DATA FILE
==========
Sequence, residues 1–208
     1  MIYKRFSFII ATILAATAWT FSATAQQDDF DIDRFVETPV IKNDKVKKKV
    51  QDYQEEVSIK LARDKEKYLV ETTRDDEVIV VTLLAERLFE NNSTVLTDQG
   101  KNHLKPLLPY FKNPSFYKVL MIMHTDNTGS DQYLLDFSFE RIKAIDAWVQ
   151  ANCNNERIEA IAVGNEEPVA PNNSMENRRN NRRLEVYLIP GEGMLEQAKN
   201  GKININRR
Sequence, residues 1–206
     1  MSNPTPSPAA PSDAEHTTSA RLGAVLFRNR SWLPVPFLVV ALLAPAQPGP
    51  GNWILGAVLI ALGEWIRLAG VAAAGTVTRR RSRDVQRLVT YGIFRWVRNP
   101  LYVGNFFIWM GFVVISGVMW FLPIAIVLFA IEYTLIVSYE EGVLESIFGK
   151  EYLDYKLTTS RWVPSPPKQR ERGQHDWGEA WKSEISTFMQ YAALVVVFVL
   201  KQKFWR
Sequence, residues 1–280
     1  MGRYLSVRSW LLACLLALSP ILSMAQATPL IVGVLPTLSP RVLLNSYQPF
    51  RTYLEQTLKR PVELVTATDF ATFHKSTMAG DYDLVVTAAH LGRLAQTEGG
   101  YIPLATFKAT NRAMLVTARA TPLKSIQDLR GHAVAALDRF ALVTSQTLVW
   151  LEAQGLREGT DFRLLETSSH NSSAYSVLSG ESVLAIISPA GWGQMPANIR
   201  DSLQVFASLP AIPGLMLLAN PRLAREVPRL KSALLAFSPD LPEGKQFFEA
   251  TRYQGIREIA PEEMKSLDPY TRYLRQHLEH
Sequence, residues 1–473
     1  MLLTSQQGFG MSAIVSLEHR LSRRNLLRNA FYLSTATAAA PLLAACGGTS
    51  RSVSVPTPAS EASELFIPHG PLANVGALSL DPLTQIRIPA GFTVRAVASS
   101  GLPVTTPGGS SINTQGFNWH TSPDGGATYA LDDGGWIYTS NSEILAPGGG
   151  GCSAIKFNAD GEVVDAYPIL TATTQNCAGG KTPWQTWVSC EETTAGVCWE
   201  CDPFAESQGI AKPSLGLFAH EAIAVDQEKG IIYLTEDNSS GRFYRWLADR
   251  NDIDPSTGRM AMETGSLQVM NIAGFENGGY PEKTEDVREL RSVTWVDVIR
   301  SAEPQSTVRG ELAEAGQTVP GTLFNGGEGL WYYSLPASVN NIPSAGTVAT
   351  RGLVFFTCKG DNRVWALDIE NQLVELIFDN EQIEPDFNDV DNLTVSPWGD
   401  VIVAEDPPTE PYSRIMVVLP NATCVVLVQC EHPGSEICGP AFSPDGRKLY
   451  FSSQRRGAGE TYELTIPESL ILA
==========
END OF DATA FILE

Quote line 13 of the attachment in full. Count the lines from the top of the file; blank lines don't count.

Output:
Sequence, residues 1–280